Amazon EKS clusters can use IAM roles and policies for Pods to assign fine-grained access control of AWS services. The AWS IAM entities map into Kubernetes RBAC to configure the permissions of Pods that work with AWS services.

Together, AWS IAM and Kubernetes RBAC enable least-privileged access for your apps, scoped to the appropriate policies and user requirements.

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At Scale Infrastructure Testing With Pulumi

Dustin Farris Dustin Farris
At Scale Infrastructure Testing With Pulumi

Guest Article: Dustin Farris is an experienced cloud engineering consultant. He’s currently building a new data lake for a large public university using Pulumi. The project handles sensitive student and research data and as a result, his team must meet stringent QA and security requirements. Dustin shows how resource mocking in Pulumi makes testing and verification faster than ever before.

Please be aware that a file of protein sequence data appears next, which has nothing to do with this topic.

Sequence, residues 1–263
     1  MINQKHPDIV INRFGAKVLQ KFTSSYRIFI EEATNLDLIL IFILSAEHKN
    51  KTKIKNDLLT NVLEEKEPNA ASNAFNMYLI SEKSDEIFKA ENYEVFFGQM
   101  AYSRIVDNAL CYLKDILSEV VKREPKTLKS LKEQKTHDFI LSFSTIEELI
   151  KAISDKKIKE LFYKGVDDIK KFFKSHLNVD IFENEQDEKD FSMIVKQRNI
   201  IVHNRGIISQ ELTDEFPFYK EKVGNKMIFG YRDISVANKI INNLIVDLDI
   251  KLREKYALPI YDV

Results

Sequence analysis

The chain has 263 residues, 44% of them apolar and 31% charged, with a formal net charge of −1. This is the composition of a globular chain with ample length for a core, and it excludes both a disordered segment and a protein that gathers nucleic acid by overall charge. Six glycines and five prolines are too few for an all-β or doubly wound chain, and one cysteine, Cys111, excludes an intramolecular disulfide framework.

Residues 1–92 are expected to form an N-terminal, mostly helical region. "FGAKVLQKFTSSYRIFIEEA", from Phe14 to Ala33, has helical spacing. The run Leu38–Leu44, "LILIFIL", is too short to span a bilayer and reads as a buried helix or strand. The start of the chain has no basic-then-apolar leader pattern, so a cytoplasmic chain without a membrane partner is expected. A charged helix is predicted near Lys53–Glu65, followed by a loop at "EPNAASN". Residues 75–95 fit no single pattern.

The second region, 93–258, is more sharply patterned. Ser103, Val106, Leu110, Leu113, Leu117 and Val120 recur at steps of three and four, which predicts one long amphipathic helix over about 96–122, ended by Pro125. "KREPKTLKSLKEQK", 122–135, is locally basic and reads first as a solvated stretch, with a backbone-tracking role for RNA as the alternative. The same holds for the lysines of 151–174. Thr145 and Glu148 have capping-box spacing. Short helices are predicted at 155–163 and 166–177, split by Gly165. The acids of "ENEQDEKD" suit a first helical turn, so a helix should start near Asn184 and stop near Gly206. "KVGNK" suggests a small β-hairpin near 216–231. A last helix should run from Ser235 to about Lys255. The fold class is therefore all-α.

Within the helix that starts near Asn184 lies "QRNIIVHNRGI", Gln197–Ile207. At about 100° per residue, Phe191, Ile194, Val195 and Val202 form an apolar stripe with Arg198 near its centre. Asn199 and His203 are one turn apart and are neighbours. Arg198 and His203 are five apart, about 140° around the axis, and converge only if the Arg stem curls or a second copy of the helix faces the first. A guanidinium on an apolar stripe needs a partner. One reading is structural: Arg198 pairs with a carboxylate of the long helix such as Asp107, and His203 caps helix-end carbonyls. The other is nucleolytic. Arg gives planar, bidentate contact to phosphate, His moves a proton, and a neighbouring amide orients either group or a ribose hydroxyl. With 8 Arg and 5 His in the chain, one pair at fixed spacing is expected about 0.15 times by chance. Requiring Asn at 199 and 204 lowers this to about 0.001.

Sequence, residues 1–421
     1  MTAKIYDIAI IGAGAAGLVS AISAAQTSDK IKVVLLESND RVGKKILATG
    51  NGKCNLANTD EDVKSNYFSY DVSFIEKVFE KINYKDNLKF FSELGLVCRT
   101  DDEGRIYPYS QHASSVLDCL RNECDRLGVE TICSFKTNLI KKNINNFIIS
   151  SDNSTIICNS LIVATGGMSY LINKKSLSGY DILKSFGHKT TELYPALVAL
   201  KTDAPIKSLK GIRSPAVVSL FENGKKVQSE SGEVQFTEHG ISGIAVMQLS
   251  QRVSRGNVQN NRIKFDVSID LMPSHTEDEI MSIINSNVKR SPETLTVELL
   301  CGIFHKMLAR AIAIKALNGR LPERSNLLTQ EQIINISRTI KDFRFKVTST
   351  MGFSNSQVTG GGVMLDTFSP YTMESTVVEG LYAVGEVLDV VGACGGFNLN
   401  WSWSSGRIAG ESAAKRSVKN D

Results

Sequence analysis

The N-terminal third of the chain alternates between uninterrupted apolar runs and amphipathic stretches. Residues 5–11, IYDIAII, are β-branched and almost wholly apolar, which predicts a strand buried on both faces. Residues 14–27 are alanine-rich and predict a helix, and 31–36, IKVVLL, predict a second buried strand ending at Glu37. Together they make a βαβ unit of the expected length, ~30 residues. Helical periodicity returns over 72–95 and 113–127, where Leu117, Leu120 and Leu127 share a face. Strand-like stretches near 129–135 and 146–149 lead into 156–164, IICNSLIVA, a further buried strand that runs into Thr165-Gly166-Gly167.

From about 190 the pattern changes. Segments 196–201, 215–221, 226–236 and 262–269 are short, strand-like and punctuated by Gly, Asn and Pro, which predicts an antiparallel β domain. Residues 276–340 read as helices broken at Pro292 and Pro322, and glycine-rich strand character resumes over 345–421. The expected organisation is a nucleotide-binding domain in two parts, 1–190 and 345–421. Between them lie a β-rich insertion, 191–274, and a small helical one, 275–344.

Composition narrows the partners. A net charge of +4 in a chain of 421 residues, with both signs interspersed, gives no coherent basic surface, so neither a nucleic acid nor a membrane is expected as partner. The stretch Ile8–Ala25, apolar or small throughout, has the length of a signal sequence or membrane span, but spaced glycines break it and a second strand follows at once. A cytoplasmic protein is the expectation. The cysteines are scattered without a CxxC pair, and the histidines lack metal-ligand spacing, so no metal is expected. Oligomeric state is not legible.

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Pulumi Wins 2020 Gartner Cool Vendor Award

Sophia Parafina Sophia Parafina
Pulumi Wins 2020 Gartner Cool Vendor Award

Pulumi is honored to be named as one of only three vendors in the 2020 Gartner Cool Vendor for Agile and DevOps report, published on May 28th, 2020. Being recognized in this way is a strong validation of Pulumi’s impact thanks to our more modern approach to Infrastructure as Code and approaches to building cloud software. Vendors can only be selected once and in only one category making this an exclusive award.

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Benefits of Policy as Code

Sophia Parafina Sophia Parafina
Benefits of Policy as Code

Writing infrastructure policy in a high-level programming language helps automate and enforce best practices. When policies are written with code, you can apply software development practices such as testing, automated deployment, and version control. Cloud providers typically offer a GUI to create policies, but creating policies is not easily repeatable, nor can you version policies. Moreover, policies must be tested against a live system, which means using an existing system or configuring and deploying an ephemeral version.